President Barack Obama ordered increased security at U.S. sites worldwide after Ambassador Chris Stevens and three other Americans were killed Tuesday in an attack on the U.S. Consulate in Benghazi, Libya.
The Benghazi attack followed the storming of the U.S. Embassy in Cairo after the trailer from an American-made film, "Innocence of Islam," went viral on YouTube. Libyan officials said militants used civilians protesting the film as cover for a violent assault timed for the 11th anniversary of the Sept. 11, 2001, attacks.
As violence continued Thursday, embassies from the Philippines to the Middle East warned Americans to be on guard for more protests, especially on Friday, the main Muslim day of prayer when religious fervor runs high.
In Yemen, hundreds of protesters chanting "Death to America!" stormed the U.S. Embassy compound in the capital, Sanaa, and burned the American flag. Yemen's president, Abed Rabbo Mansour Hadi, quickly apologized to the U.S. for the attack and vowed track down the culprits.
In Dhaka, Bangladesh, police stopped a march by about 400 people who burned a U.S. flag several miles (kilometers) from the U.S. Embassy, where higher security was evident.
Elsewhere, the U.S. Consulate in Berlin was evacuated briefly Thursday after an employee reported a strange smell from a document. German police swept the building but found no dangerous materials.
With tensions still high, most U.S. missions declined to comment on specific security measures, but some changes were visible.
In the Philippines, where hundreds of U.S. troops are advising Filipino forces in their fight against al-Qaida-linked insurgents, U.S. diplomats had asked for additional police and patrols for the embassy compound, as well as a nearby residential complex and the consulate in the central city of Cebu, ahead of the 9/11 anniversary.
U.S. officials said the heightened security would be maintained indefinitely following the attack in Libya.
Guards and Philippine police special forces carrying assault rifles were outside the embassy Thursday, and a pickup truck bearing a machine gun was parked under a tree. Philippine coast guard vessels patrolled nearby Manila Bay. Police patrols were also intensified at other U.S. sites, including the American cemetery in Manila.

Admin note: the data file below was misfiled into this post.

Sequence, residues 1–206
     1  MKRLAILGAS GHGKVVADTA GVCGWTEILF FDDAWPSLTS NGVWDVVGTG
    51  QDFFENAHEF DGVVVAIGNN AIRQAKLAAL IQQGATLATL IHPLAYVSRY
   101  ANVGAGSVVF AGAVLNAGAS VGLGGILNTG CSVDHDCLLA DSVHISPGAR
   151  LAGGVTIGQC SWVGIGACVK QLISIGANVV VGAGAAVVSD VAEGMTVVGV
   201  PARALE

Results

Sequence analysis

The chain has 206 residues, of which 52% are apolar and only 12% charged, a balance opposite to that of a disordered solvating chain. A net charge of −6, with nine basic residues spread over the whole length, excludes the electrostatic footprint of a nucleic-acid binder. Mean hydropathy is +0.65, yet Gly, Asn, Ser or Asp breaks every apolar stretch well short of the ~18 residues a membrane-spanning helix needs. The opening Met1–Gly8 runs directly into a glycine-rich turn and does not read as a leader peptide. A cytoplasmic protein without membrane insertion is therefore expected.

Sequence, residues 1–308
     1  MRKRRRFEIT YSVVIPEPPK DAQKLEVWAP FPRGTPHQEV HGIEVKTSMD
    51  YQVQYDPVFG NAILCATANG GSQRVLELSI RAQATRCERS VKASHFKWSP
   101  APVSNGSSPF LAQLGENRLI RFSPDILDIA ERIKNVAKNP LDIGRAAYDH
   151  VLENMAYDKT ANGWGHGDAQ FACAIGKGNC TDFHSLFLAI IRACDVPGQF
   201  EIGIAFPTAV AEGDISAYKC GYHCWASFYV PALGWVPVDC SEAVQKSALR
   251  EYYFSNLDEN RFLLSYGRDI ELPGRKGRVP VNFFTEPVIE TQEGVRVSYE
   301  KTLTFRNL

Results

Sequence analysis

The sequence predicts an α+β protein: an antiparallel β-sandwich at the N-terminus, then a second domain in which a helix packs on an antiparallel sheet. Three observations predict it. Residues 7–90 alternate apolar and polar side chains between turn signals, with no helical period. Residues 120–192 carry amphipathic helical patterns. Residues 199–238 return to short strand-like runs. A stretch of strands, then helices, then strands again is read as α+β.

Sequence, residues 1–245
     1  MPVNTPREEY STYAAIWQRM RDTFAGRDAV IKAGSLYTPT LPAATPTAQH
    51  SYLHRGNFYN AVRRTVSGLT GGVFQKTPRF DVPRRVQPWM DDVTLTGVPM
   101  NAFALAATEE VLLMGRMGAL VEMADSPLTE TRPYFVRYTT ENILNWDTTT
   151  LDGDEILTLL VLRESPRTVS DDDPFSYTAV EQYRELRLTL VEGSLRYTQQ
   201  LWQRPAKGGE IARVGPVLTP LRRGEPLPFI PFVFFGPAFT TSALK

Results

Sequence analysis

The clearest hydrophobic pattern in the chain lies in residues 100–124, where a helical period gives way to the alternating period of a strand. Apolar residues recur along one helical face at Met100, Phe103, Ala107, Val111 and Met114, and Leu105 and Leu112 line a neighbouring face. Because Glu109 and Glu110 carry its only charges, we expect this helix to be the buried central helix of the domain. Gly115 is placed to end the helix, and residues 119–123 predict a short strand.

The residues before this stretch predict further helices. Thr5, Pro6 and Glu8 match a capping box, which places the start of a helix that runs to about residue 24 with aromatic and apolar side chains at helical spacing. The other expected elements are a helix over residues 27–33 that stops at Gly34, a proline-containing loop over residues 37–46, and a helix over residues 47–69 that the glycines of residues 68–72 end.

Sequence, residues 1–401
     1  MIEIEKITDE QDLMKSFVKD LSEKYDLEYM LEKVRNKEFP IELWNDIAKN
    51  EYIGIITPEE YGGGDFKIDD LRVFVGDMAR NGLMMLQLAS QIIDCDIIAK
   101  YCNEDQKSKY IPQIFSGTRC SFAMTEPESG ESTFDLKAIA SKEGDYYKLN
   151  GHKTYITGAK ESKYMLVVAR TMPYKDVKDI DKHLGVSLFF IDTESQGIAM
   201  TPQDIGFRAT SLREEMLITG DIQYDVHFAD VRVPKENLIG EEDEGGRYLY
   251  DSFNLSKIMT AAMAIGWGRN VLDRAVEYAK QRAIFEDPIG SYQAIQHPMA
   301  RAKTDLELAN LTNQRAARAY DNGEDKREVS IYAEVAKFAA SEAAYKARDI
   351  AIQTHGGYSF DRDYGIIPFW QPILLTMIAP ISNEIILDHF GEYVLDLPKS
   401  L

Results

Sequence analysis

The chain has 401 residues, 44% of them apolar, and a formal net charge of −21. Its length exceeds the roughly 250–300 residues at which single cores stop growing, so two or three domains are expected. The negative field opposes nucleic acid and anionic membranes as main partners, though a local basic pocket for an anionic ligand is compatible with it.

In Pakistan, where anti-Americanism is widespread due to drone attacks against militants on Pakistani soil, the senior officer in charge of security in the diplomatic enclave in Islamabad said police would step up surveillance in the area, which includes the U.S. Embassy. "We need to increase manpower and other measures to ensure that no ugly event occurs," Khurram Rasheed said.
At least 10 armored vehicles and 16 police cars could be seen around the massive, fortress-like U.S. Embassy in Amman, Jordan, and a slightly larger number around the Israeli embassy there. Extra armed police also took up positions around the U.S. Embassy in Kuwait, which hosts a substantial U.S. military presence.
Security outside the U.S. Embassy in Algiers was reinforced with several additional police officers. The leader of a dissolved Islamist party was arrested outside the embassy when he tried to deliver a letter there, according to the online news site Tout-sur-l'Algerie.
American officials in Indonesia, the world's most populous Muslim country, warned U.S. citizens to pay close attention to their surroundings and to avoid large crowds, even though there has been no public reaction to the film there so far.
"The movie has hurt Muslims all over the world deeply. They deliberately wanted to make Muslims angry," said Amidan Shaberah, a prominent cleric. "We urge Indonesian Muslims to calm down because the majesty and greatness of God and the Prophet Muhammad will not be diminished by these insults."
An advisory posted on the website of the U.S. Embassy in Kuala Lumpur, Malaysia, another mostly Muslim country, warned that "based on recent events in Cairo and Benghazi, there is the possibility of demonstrations taking place" there, too.
While Americans—as well as Israelis—may be top targets for many Muslim extremists, officials from other Western nations also were watching the situation carefully.
German Foreign Minister Guido Westerwelle said security had also been bolstered at his country's embassies and consulates in the Middle East and urged governments there to protect all diplomatic missions. "Diplomats must be able to carry out their work without fear," he said in a televised statement.
In Nigeria, a nation of more than 160 million people largely split between a Muslim north and a Christian south, the U.S. Embassy warned that "extremists may attempt to target U.S citizens and other Westerners."
Previous violence by a radical Islamist sect known as Boko Haram saw the embassy ban travel for its staff to the north for much of this year. The sect is blamed for killing more than 670 people this year alone, according to an Associated Press count.
Nigeria has remained largely quiet in regards to the film, with local media reporting only one small protest in the central city of Jos. Still, Nigeria's federal police force has received orders to provide additional security to foreign embassies.
Associated Press writers Hrvoje Hranjski in Manila, David Rising and Geir Moulson in Berlin, Sean Yoong in Kuala Lumpur, Malaysia, Jamal Halaby in Amman, Jordan, Sebastian Abbot in Islamabad, Julhas Alam and Al-Emrun Garjon in Dhaka, Bangladesh, Karim Kabir in Algiers, Niniek Karmini in Jakarta, Indonesia, Hamza Hendawi in Cairo and Jon Gambrell in Lagos, Nigeria, contributed to this report.